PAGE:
Analysis: The EU Emissions Trading Scheme – Taking Stock and Looking Ahead

DISCLAIMER: All opinions in this column reflect the views of the author(s), not of EURACTIV Media network.

Experts from the ‘European Climate Platform’ (ECP – a joint initiative by CLIPORE and CEPS) identify the key strategic and operational issues for the review of the EU Emissions Trading Scheme (ETS) later this year.

Although the EU ETS has been running for more than a year by now, the scheme still is “under construction,” authors of the report argue. Among other remaining challenges, they say member states’ implementation should be improved, transparency and consistency increased – notably for allocation of emitting rights – and allocation methodologies streamlined (not to say ‘harmonised’) if the EU ETS is to fulfil its primary function, namely to “reduce greenhouse gas emissions in a cost-effective way.”

Since another goal of the EU ETS is to help develop and disseminate low-carbon technologies, experts also call for more investment incentives. They suggest recasting this particular debate on how to harmonise the new entrants and closure rules first, and on allocation methodologies in the second place. On that latter aspect, the upcoming review of the EU ETS could be the occasion of defining a set of criteria (e.g. environmental objectives, competitiveness effects and distributional effects, etc.) against which member states’ allocation could be assessed.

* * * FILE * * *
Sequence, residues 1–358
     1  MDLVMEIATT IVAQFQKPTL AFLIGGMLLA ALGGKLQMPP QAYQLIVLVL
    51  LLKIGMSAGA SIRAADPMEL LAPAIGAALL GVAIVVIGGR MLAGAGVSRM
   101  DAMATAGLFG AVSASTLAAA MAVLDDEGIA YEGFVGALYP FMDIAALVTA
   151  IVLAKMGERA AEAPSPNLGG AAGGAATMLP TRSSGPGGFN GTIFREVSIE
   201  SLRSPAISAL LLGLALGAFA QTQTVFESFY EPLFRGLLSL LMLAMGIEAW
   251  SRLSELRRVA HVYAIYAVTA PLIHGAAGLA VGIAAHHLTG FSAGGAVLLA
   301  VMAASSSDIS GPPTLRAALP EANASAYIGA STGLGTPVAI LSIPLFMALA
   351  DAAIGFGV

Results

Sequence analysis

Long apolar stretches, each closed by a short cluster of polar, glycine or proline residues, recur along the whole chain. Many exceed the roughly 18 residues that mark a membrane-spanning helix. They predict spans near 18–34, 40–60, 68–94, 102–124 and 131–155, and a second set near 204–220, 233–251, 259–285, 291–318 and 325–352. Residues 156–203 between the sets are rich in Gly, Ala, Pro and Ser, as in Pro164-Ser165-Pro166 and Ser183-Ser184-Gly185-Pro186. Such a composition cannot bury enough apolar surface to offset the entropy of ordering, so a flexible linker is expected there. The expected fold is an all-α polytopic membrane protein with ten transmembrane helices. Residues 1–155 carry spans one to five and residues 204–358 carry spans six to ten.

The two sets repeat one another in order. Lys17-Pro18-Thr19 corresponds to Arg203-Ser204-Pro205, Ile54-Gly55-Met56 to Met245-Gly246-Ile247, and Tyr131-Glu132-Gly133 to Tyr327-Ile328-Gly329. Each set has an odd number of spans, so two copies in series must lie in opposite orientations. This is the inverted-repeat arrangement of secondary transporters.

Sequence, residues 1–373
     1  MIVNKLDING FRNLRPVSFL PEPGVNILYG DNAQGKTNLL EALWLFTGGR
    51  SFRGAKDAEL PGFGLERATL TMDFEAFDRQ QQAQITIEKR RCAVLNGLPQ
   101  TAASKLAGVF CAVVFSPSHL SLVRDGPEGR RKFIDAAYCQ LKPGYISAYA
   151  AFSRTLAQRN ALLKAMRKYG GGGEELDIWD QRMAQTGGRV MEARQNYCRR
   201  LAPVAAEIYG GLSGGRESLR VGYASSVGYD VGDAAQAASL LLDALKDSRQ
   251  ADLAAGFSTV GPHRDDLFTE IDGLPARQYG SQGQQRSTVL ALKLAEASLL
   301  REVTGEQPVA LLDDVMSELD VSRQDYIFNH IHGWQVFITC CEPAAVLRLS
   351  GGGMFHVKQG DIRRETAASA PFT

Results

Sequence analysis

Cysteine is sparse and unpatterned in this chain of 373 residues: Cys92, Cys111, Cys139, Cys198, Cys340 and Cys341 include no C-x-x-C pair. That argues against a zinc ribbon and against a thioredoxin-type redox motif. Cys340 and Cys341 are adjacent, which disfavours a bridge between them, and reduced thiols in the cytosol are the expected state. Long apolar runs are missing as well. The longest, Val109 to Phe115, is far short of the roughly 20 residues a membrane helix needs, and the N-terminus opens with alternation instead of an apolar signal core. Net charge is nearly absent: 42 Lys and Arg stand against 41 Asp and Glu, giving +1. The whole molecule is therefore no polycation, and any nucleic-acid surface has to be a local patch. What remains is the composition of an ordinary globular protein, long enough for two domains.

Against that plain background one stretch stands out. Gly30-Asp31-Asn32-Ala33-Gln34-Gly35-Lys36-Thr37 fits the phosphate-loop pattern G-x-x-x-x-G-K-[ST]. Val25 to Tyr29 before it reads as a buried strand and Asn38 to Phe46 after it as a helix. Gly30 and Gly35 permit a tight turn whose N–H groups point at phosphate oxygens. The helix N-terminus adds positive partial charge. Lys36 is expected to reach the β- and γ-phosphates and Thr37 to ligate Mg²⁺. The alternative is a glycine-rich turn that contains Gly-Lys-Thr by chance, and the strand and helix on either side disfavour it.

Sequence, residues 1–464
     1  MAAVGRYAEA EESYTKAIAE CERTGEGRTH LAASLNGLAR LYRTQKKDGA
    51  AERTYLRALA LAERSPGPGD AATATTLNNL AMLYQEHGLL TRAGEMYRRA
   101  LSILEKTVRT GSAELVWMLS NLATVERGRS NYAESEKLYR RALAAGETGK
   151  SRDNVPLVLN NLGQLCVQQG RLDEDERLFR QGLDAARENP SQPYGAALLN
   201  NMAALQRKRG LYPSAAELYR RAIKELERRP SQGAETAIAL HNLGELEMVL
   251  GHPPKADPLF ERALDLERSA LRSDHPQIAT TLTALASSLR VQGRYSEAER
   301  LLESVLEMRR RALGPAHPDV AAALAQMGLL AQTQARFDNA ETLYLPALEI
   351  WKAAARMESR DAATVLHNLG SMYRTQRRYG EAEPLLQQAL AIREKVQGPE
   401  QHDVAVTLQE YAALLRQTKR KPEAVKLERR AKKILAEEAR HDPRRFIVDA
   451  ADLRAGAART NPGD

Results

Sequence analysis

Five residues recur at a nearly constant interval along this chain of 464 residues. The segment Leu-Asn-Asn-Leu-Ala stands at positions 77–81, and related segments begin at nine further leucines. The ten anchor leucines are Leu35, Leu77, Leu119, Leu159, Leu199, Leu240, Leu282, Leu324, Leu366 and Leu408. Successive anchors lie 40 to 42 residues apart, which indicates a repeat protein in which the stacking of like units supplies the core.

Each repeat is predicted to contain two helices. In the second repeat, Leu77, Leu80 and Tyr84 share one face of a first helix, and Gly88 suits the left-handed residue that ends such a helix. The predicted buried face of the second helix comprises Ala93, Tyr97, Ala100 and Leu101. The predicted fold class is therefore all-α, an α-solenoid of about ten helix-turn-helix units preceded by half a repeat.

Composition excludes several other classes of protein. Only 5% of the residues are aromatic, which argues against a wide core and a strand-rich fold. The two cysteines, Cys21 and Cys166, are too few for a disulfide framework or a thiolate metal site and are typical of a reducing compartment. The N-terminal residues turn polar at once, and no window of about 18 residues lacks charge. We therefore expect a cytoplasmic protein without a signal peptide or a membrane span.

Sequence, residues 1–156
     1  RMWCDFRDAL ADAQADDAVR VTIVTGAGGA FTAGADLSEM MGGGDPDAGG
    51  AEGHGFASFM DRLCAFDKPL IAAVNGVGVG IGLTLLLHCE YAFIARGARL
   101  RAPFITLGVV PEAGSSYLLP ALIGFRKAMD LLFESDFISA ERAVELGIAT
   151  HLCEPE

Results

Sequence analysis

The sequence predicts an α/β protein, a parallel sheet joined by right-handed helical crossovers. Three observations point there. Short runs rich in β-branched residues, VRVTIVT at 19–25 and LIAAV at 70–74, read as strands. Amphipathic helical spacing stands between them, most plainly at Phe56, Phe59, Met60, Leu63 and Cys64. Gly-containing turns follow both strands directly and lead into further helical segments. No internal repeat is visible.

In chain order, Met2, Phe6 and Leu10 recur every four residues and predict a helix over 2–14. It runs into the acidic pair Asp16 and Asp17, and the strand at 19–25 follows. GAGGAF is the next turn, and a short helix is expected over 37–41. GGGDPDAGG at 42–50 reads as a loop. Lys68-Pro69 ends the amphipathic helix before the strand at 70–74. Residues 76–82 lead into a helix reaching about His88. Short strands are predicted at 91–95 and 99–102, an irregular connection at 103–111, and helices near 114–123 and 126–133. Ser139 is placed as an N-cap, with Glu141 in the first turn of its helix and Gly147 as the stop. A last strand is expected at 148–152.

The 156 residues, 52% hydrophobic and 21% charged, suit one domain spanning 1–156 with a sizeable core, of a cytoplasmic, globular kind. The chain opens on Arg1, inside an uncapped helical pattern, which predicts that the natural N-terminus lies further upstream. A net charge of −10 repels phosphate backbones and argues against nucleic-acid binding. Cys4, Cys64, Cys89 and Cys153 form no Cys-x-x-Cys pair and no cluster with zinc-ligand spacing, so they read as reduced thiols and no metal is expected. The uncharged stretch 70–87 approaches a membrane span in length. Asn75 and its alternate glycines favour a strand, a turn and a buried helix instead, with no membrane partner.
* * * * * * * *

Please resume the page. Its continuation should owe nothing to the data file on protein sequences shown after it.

The authors also argue that the EU ETS on its own will not suffice to encourage the development of new technologies. Therefore, they reckon additional measures should be taken at EU level, such as R&D subsidies.

The report also urges for more attention to be paid to the “optimal mix of policies between the trading and non-trading sectors” covered in the EU ETS, to avoid unintended consequences.

To conclude, the authors remain cautious on the potential for linking the EU ETS to other potential similar systems worldwide, in order to promote a global carbon market. Although they identify three possible options for so doing, they fear such a global system could prove too complex, with dissimilar (price) effects from one participant country to the other.

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